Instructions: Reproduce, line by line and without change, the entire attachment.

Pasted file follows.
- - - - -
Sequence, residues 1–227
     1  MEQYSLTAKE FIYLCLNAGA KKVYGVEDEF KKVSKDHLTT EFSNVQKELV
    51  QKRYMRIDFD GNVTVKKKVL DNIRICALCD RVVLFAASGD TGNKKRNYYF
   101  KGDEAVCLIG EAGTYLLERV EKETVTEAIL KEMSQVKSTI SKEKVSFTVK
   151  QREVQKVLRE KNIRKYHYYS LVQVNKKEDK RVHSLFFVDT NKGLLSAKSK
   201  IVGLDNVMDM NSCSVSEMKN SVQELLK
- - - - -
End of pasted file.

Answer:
Sequence, residues 1–227
     1  MEQYSLTAKE FIYLCLNAGA KKVYGVEDEF KKVSKDHLTT EFSNVQKELV
    51  QKRYMRIDFD GNVTVKKKVL DNIRICALCD RVVLFAASGD TGNKKRNYYF
   101  KGDEAVCLIG EAGTYLLERV EKETVTEAIL KEMSQVKSTI SKEKVSFTVK
   151  QREVQKVLRE KNIRKYHYYS LVQVNKKEDK RVHSLFFVDT NKGLLSAKSK
   201  IVGLDNVMDM NSCSVSEMKN SVQELLK